The first cameras invented were pinhole cameras. These cameras had no lens and instead relied on a very small aperture to form a clear image. These small pinhole apertures are not very light efficient as most of the light radiating from the scene toward the camera does not make it through the pinhole. Lenses are able to focus light and so allow us to form crisp images with larger apertures that collect more light. While traditional lenses are able to form clean images that need minimal post-processing, we can also replace these lenses with other optical elements that preserve the information of the scene. For such lensless imagers, we need to recover the image in post-processing from the obscured measurements.
One lensless imaging setup is the DiffuserCam, which has a nice accessible tutorial on building one cheaply. Instead of a lens, this camera design relies on some double-sided scotch tape to diffuse light onto a Raspberry Pi camera sensor. I wanted more control of how far my diffuse material was from the sensor than the method described in the tutorial, so I designed and 3D printed a sensor carriage that allows me to adjust this distance.
The bolts shown in yellow moves the sensor carriage back and forth. Springs on these same bolts keep the carriage from racking back and forth. The Raspberry Pi camera's lens is removed and attached to the front of the carriage. The double sided tape is attached to a front plate and lid.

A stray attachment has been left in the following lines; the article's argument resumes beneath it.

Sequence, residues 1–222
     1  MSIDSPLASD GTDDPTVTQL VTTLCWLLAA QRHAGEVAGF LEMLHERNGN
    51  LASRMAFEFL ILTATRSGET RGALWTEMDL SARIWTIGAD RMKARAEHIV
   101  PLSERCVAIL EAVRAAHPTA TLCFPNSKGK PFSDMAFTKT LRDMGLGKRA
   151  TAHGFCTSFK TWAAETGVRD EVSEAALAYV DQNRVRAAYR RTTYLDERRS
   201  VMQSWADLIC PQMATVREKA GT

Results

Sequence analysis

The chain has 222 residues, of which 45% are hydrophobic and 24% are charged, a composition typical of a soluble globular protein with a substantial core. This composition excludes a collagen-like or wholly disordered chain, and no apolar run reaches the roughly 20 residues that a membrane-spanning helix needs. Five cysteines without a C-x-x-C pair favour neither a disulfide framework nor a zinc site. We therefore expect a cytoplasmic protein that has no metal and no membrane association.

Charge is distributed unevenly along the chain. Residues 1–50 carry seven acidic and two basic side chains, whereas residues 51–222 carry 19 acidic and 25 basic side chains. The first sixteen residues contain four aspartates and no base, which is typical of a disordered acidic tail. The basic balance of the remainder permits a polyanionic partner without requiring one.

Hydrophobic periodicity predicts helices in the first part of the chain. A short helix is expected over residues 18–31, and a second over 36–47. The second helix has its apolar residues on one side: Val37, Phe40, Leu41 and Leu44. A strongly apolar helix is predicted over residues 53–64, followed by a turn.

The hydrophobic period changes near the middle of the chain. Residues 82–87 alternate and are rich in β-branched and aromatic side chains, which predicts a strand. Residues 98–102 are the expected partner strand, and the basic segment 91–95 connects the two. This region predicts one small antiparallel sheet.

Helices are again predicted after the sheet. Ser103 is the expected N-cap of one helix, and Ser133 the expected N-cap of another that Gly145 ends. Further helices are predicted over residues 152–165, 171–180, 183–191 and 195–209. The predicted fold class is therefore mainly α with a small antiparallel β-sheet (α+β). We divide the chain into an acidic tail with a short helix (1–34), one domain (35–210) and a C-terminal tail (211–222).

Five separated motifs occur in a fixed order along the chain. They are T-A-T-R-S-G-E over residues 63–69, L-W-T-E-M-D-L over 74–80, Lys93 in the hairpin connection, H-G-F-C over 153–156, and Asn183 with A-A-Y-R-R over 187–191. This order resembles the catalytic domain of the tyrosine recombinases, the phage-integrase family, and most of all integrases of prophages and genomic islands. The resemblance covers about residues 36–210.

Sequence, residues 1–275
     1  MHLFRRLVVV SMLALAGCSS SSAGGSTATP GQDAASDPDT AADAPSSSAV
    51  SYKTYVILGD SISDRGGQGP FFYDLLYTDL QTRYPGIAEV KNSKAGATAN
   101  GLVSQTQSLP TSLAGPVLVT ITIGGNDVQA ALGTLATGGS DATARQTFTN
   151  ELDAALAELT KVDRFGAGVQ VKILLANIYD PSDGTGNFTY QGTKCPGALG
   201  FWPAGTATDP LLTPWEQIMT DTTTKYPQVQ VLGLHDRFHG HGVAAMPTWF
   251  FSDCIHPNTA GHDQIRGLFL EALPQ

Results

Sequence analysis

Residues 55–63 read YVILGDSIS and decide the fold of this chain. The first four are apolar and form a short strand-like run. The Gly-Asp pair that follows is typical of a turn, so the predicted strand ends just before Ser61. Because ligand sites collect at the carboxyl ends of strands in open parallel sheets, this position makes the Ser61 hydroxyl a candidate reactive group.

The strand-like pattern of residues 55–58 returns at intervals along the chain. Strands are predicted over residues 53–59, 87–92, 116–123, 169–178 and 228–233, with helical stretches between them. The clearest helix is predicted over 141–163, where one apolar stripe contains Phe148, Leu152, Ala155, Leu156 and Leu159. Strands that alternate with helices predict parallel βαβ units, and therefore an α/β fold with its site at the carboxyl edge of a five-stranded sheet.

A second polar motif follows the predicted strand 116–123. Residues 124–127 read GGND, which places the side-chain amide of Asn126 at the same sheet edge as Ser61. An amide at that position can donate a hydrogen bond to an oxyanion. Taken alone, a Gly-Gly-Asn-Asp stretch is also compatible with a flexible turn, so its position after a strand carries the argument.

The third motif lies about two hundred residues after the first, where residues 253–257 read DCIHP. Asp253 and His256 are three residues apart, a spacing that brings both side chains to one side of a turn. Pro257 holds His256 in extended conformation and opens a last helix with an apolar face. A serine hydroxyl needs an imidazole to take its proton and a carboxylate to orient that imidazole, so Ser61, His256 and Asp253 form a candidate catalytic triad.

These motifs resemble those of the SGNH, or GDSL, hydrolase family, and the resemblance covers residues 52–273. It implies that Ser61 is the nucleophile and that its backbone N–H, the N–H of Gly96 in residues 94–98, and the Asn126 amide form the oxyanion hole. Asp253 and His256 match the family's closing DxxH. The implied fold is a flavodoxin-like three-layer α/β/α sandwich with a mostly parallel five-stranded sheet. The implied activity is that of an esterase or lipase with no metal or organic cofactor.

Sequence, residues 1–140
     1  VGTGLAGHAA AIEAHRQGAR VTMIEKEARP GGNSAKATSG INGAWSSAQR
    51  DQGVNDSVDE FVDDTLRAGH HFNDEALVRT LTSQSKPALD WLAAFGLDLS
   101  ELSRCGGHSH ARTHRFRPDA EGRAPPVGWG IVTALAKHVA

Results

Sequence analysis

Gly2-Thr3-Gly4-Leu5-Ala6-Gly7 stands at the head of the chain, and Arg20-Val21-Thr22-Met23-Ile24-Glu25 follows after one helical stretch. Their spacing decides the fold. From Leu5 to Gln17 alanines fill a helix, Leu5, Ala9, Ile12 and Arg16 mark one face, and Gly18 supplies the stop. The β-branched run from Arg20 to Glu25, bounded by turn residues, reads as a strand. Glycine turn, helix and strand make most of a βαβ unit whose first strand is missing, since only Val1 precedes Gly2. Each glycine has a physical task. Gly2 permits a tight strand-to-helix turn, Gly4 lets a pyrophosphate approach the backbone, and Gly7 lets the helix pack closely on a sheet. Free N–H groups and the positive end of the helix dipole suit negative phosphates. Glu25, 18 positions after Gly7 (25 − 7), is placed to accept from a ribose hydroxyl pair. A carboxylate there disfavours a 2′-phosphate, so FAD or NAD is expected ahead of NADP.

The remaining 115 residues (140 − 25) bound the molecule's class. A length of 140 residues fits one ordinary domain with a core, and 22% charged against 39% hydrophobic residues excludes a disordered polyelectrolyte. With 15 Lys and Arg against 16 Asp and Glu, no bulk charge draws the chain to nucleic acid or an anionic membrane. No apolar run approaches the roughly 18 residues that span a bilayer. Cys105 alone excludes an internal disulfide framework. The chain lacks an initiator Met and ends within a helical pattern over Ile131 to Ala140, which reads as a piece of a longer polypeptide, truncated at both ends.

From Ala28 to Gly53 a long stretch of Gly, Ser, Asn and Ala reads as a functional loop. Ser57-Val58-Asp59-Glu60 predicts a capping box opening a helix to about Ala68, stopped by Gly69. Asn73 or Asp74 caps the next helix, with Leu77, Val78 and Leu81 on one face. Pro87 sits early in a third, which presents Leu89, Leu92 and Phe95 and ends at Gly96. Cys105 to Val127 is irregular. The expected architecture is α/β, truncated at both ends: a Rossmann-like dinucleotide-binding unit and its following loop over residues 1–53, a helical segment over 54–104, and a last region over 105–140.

Recovering an image of the scene given the DiffuserCam sensor measurements amounts to a deconvolution problem. While lenses have point spread functions (PSFs) with minimal blurring, a piece of two-sided of scotch tape is far from ideal. I characterized the PSF of my DiffuserCam by constructing a point source out of a white LED, a microscope objective, and a pinhole filter. The Raspberry Pi controlled the brightness of the LED such that the image was bright, but none of the pixels were saturated which would cause distortions. This is the setup and the resulting PSF.
The diffuser blurs a nice point source into a caustic pattern, like one might see at the bottom of a swimming pool on a sunny day. This pattern effectively gets convolved against our scene, and our goal will be to remove it. If we let denote our scene, our raw sensor measurements, and our camera PSF, we can model the image formation as This problem is underdetermined and ill-conditioned, so we will apply a simple regularizer on our scene (anisotropic total variation) and iterative reconstruct the scene Following the work given in the tutorial, we solve this problem using ADMM. To test my camera build, I displayed a University of Michigan block M on my phone screen and took a picture. These are some of my results.
There are a lot of artifacts, especially as the object gets closer, but the Michigan M is clearly identifiable. I could use better regularizers and better optimization algorithms to clean up this more, but I am pretty happy what I have so far. In the future, I may revisit this and get it working on more realistic scenes, but I think its a cool example of non-traditional cameras and computational imaging!